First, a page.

Growing and Foraging 100% of My Food for a Year


Man Displaying Healthy Grain Bowl 

I sit here in my tiny house, tucked away in a backyard just a few miles from downtown Orlando, Florida. As I type I see ocean water boiling away on my firepit to produce my salt. I see honeybees glistening in the afternoon sun, coming and going from their hive, stocking me up with honey. I see hickory nut shells scattered on the ground, the aftermath of making morning hickory nut milk.

Today is day 111 of growing and foraging one hundred percent of my food. When I say one hundred percent, I truly mean it. No exceptions whatsoever — no gifts of food, no purchasing food from the local farmers market, not even a drop of craft brew from a friend. And of course, coffee and chocolate don’t grow here in Central Florida. I have embarked on a deeply immersive experience in food, from the calories, to the fats and proteins, to the sugar and oil, down to every last nutrient my body will need.

When one imagines a self-sufficient life like this, one would typically imagine it happening on a farm in the countryside. Perhaps something like Barbara Kingsolver experienced and shared with us through her book, Animal, Vegetable Miracle. I sit here with helicopters flying overhead and surrounded by neighbors not even a shout away.

I don’t have any land of my own. Instead, I am growing my food in the front yards of about a half dozen people I have met in the neighborhood. The gardens have been abundant so far, and the homeowners are welcome to eat as much as they’d like. I have set up a 100-square-foot tiny house that I built for under $1,500 with secondhand and repurposed materials.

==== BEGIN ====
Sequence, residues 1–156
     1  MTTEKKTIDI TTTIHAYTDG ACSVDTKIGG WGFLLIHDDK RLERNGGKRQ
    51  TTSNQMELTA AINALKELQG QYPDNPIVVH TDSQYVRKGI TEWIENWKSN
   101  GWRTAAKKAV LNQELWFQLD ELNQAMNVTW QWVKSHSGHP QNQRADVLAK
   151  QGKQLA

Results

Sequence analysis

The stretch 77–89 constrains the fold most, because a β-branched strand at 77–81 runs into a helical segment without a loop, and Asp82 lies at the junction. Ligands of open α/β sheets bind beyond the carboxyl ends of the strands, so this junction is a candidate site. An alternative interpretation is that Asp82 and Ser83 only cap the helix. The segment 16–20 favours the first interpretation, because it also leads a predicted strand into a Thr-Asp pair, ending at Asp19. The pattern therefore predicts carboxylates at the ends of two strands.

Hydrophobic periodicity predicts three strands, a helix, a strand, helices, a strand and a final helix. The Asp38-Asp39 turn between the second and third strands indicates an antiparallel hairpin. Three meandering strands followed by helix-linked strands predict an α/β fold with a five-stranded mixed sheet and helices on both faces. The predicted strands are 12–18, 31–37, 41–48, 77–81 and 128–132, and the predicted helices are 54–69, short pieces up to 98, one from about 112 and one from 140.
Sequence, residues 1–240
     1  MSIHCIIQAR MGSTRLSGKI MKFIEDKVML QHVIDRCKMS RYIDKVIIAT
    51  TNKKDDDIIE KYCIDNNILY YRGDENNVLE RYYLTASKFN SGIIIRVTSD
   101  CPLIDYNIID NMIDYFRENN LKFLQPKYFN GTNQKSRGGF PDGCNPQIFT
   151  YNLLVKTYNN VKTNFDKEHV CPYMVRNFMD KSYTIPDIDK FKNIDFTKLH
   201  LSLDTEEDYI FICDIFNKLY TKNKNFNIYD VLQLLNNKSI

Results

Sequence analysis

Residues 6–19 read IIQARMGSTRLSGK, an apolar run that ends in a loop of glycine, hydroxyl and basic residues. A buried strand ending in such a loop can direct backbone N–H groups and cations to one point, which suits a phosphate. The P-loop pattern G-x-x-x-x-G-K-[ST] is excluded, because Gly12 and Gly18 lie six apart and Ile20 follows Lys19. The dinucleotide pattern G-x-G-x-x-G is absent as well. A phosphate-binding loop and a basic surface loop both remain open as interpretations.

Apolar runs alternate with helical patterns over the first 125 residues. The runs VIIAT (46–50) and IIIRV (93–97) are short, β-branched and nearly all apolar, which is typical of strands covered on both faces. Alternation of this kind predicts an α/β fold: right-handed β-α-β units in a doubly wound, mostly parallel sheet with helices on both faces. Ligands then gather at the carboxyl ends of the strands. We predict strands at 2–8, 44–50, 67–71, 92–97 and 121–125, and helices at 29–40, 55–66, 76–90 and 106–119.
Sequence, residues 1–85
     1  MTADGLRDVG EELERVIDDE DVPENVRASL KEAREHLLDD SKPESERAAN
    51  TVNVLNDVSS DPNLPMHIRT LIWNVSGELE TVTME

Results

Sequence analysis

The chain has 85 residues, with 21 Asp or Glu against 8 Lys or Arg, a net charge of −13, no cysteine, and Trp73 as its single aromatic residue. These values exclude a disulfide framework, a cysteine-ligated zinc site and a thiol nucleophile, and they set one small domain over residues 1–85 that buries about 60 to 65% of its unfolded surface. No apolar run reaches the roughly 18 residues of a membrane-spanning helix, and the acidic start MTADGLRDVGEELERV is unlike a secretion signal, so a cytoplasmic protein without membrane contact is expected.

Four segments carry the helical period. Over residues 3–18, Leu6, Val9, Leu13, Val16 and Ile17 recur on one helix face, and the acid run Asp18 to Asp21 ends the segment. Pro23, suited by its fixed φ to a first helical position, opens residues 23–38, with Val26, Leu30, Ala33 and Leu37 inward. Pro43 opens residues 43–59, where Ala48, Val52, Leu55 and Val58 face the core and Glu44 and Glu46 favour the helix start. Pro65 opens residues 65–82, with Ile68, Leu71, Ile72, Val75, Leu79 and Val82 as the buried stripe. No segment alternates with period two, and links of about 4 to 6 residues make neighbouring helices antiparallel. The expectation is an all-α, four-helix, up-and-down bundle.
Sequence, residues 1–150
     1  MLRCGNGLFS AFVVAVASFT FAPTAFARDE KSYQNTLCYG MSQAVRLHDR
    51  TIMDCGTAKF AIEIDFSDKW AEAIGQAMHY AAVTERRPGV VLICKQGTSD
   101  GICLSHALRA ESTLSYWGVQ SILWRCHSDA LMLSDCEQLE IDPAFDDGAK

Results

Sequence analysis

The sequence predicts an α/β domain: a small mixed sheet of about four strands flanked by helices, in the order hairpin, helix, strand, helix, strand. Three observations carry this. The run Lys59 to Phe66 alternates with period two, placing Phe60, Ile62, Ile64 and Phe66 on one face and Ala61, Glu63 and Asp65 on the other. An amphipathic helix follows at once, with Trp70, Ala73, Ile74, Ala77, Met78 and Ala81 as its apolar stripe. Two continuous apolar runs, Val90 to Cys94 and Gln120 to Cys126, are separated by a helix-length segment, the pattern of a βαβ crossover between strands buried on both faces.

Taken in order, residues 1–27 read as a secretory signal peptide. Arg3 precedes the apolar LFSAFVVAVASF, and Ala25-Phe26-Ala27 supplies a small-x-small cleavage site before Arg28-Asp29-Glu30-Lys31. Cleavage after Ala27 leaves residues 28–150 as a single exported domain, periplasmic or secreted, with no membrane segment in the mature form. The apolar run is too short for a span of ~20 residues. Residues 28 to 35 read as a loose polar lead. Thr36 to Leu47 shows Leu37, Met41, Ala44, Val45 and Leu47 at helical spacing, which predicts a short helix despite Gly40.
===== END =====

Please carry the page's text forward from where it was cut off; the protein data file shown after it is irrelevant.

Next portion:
I do a work exchange to allow me to have this simple abode. In this little nook, I have everything I need. To my left and behind me are shelves for storing dried herbs, and beans, foraged fruit, jars of honey, ferments and more. To my right sits my deep chest freezer packed full of the abundance of my gardens and my trips to collect the earth’s bounty. On my bed a few dozen coconuts currently lay out to turn into coconut oil. The storage under my bed is where I tuck things away when the place is too cluttered. It’s a small space for all this food, but so far it has done the job.

3/6/2019 11:28:23 AM

Thinking of your books; is there 1 or 2 that are you main go to resources? If so can you share which one(s)?

3/6/2019 8:13:33 AM

Wonderful. Just in case you haven't heard of it. Todmorden, UK. Keep it up. We don't need massive monocultures to feed the world, just a different mindset. Love it!

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